Bob Buford wrote that book in 2004; he, himself, finished well in 2018. I have my copy of that book in front of me, right now. Here’s Bob’s inscription to me, on the inside flyleaf: “To Bob Shank – A true comrade-in-arms in this ministry. God has joined you and I together in so many initiatives over the years. We’re soul brothers; I’m grateful! Bob Buford, 7/30/04, Aspen.”
Bob finished well. Bobby Clinton – renowned professor of leadership at Fuller Seminary – estimates that 70% of Christian leaders do not. Howard Hendricks – founder of the Howard G. Hendricks Center for Christian Leadership at Dallas Theological Seminary – said that 80% of the leaders in biblical history ended life on a decline. Howie (a dear friend and mentor, to me) finished well.
Knowing the constant risk of disqualification, Paul expressed his personal aspiration to the elders from the church he planted in Ephesus: “I consider my life worth nothing to me; my only aim is to finish the race and complete the task the Lord Jesus has given me – the task of testifying to the good news of God’s grace.” (Acts 20:24). For the esteemed Apostle of Christian history, the personal goal not yet realized: to finish the race and complete the task.
Richard J. Foster – still with us, at age 78 – is a renowned thought leader and theologian from the Quaker tradition. He’s written some timeless books including Money, Sex & Power: The Challenge of a Disciplined Life (1985) in which Foster has recognized the recurrence of threats most likely – through history, and still today – to trip Christian leaders seeking to emulate the finishing kick modeled by Paul: “The time for my departure is near. I have fought the good fight, I have finished the race, I have kept the faith. Now there is in store for me the crown of righteousness, which the Lord, the righteous Judge, will award to me on that day – and not only to me, but also to all who have longed for his appearing.” (2 Timothy 4:6-8).
David was one of the All Stars of God’s history, but his was not a “charmed” life. Subject to the same temptations germane to leaders in power, he allowed himself to be distracted from discipline in a manner that continues to infect leaders today: “In the spring, at the time when kings go off to war, David sent Joab out with the king’s men and the whole Israelite army. They destroyed the Ammonites and besieged Rabbah. But David remained in Jerusalem. One evening David got up from his bed and walked around on the roof of the palace. From the roof he saw a woman bathing. The woman was very beautiful, and David sent someone to find out about her. The man said, ‘She is Bathsheba, the daughter of Eliam and the wife of Uriah the Hittite.’ Then David sent messengers to get her. She came to him, and he slept with her.” (2 Samuel 11:1-4).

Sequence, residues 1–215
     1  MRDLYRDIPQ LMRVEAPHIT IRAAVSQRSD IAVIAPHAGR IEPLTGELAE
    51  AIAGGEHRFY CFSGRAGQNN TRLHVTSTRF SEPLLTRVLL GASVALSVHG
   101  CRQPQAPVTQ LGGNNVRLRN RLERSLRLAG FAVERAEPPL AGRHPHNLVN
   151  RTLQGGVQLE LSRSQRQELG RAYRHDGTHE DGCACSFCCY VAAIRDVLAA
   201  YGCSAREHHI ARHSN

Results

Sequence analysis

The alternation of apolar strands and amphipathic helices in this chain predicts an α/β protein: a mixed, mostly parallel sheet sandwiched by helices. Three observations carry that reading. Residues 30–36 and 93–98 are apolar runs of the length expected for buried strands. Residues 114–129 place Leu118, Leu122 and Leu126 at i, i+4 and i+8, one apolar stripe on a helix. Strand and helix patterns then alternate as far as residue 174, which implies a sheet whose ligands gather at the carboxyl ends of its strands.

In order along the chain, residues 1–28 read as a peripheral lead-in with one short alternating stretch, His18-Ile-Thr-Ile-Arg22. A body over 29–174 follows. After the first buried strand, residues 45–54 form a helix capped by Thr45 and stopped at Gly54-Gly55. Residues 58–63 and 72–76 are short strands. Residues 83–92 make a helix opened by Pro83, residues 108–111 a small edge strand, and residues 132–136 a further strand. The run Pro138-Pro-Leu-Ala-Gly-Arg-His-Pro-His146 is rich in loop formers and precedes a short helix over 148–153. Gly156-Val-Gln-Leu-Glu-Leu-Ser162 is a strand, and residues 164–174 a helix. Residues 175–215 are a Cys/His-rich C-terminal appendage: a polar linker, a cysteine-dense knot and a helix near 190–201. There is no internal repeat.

It was “the season of war” – and the kings of the region were on the battlefield – but David sent Joab, his top general, to represent Israel’s leadership while he stayed behind – in the palace, in Jerusalem – to enjoy the pleasures of power. A strategic blunder of immense proportion; his undisciplined exercise of privilege became the greatest failure of his lifetime.
My subject line last week was intense: this should scare the hell out of us. David was a man with the pedigree of Providence, but he was susceptible; can we really think we are not?
For the Boomer generation of evangelicals, Bill Hybels became one of contemporary Christianity’s leadership all-stars. His influence had spread to the ends of the earth, and the church he launched as a young man had become a defining movement. And then, we found out that there was a story-behind-the-story that made it all come crumbling down.
Warren Cole Smith is a graduate of The Master’s Program; he leads Ministry Watch and provides a thoughtful analysis of what’s happening in the faith movement. Click here to read his report on the rise and fall of Hybels and Willow Creek, and what happens when the king isn’t on the front lines…
Money, Sex & Power. Are your guard-rails in place to make sure you don’t find yourself in the ditch? Next week, we’ll be following the money…